I am an IT manager for a fortune 500 company. We do some virtualization but definitely not to the extent that it is available. As an investor I am trying to decide where to play this growing trend, which according to most sources, is definitely going to be highly adopted in the coming decade. This thread is intended to first dicuss who the players are and then discuss who are best positioned to reap the highest rewards.While there is info on this everywhere I will use an article from Beth Cohen of the Advisory Group as a starting point. Here is an excerpt;"...Some have broken cloud computing down into two types of products: utility computing and SaaS. Utility computing refers to backup, storage processing engines, virtual servers and other low-level services. Some of the vendors and offerings include:On-demand computing: Amazon Web Services Elastic Compute Cloud (EC2) and Simple Storage Service (S3), IBM Blue Cloud, Oracle On Demand, Sun Cloud (future)Servers: Joyent, Mosso (Rackspace)Backup: EMC Mozy, Carbonite SaaS, on the other hand, is usually sold on a per seat basis, and is particularly good for midsize businesses with simple requirements. There are a plethora of services available. There even has been a recent trend towards formerly software-only vendors adding SaaS offerings. The listing below is just a quick sampling of the many SaaS offerings now available:CRM: Salesforce, NetSuiteERP: SAP Business ByDesign, IBM Applications on DemandE-mail: 123Together, ApptixVoicemail: VirtualPBXOffice suite: Google, Microsoft LiveDatabase: Oracle On Demand, IBM The reasons for considering cloud computing are certainly compelling. The five-year projections for cloud computing adoption are high. The prediction is that 80% of the Fortune 1000 will have implemented some cloud services, and 30% will have cloud computing infrastructure in some form. 50% of midsize companies will have some cloud services in place. They are going to be most attracted to SaaS products, backup and redundancy offerings, while 80+% of small companies will use cloud services for bootstrapping their IT infrastructures..."Finally here is a link she included for cloud vendors;Cloud Vendors A to Z (http://www.johnmwillis.com/cloud-computing/cloud-vendors-a-t...) — Comprehensive list of vendors on the John Willis blog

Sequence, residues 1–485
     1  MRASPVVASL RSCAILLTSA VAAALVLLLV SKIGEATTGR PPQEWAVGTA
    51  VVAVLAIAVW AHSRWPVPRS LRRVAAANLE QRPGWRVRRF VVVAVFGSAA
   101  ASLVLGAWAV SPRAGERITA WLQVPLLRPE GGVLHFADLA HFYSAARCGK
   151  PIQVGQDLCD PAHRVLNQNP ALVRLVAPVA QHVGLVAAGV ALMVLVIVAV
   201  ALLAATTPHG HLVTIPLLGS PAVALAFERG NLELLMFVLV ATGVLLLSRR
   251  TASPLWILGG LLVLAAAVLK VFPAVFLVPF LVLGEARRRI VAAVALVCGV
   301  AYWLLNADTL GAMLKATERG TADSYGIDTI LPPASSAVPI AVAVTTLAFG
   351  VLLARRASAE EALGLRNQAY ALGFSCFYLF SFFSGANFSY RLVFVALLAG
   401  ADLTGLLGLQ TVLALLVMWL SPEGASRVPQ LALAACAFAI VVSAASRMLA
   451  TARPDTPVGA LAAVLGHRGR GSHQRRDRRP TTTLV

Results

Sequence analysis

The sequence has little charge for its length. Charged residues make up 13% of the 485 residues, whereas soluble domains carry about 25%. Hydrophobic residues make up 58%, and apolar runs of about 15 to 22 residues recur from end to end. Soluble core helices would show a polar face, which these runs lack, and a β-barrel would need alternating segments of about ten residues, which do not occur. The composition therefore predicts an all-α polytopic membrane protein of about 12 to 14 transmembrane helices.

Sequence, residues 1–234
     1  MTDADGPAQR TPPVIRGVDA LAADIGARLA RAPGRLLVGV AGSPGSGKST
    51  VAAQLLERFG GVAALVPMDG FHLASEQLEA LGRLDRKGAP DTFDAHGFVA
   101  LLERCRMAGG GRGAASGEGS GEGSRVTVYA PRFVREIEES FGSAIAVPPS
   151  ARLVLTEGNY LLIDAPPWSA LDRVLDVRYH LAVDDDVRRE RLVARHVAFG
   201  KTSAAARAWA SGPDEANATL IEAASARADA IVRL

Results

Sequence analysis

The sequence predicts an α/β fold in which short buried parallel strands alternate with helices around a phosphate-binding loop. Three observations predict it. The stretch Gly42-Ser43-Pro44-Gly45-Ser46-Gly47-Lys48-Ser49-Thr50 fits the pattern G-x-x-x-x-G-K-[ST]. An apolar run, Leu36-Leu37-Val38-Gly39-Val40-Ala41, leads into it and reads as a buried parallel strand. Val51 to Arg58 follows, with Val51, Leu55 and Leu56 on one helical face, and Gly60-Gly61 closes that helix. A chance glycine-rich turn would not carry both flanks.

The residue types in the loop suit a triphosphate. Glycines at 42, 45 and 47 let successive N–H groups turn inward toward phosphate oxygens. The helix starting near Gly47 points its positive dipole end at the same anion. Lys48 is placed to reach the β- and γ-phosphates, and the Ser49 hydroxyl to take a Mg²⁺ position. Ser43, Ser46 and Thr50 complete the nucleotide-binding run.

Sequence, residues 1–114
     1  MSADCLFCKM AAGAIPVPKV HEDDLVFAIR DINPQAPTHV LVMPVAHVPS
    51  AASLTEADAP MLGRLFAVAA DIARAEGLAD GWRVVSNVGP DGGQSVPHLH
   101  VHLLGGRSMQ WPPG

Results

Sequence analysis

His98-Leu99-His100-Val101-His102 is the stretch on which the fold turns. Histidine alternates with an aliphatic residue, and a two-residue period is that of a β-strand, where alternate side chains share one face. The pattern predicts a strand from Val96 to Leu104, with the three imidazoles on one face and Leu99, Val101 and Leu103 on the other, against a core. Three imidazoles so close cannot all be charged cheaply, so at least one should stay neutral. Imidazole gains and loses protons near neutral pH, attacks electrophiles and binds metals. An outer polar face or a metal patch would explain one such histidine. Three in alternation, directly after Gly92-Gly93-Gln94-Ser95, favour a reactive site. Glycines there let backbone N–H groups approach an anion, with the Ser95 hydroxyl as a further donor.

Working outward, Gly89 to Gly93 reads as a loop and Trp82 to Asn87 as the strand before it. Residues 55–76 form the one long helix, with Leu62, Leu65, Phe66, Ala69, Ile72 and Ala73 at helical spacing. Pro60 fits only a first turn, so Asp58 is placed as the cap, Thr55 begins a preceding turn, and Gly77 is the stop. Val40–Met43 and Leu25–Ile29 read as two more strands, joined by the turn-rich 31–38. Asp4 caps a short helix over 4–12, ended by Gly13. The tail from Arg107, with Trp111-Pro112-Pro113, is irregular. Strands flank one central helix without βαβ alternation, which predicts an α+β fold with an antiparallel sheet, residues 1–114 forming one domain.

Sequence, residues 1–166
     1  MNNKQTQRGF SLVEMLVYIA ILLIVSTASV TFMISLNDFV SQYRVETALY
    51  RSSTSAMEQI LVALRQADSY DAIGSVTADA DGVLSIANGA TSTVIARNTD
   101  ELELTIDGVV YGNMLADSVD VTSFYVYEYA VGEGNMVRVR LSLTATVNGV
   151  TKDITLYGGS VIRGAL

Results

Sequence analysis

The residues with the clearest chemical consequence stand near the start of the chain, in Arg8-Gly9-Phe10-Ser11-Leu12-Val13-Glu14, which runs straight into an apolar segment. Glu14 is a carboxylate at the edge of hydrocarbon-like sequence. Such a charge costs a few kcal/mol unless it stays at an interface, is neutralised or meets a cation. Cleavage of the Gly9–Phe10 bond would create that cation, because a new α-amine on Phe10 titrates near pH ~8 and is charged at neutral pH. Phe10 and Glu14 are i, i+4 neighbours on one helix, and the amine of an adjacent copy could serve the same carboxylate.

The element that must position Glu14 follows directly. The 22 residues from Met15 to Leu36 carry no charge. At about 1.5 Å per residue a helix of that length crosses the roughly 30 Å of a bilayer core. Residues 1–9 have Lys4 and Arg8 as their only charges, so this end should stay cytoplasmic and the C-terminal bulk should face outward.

Over the years I've been a sys admin, developmental analyst (fancy name for programmer) and project manager for a large multi-national corporation. I see cloud computing like "fools gold". At first it looks good with lots of potential, but on a closer look there are a few problems if you want to turn it into money.Cloud computing has great potential on the surface, but when you dig deeper it has some very serious flaws. Flaws that should ring alarm bells in those big corporations. Things like records retention requirements and retaining *full* control over all of your information.Personal e-mail, e-mail with references to operations or products, discussions of product development, and the list goes on. Each of these have different requirements. They are kept the required time which varies from a year to life of the corporation plus 10 years. Each has a requirement for keeping the document. That document is kept that long and not one day longer. Does the remote storage provider adhere to this including their backups?Even remote storage does not meet the requirements if you have FDA validation requirements. In the case of the FDA *you* must retain full control over all software and hardware. You are required to document every piece of that software and hardware as well as any changes. How about having all of your records on another companies server? What if some one wants to look them over. It can be done at present without you ever knowing.I see cloud computing as a good "short term" investment. IOW, it'll be great until reality sets in and companies realize how many requirements it fails in providing. There will likely be quite a few get burned due to those failings and the reputation of "the cloud" will suffer.I have never worked on a project where software or hardware could have been provided as a service from outside. It would not have met legal requirements or our own internal requirements for security or records retention guidelines. NOW, having said all that, I do know of several fortune 500 companies using a contract data storage service by a large and well established company. The contracts for records retention were very complex, but doable. As far as I know they do not deal with any FDA validated systems and they were not cheap. It's also possible that the regulations will be changed to make cloud computing a much more viable service.Although the data rests with some one else you are still responsible for it.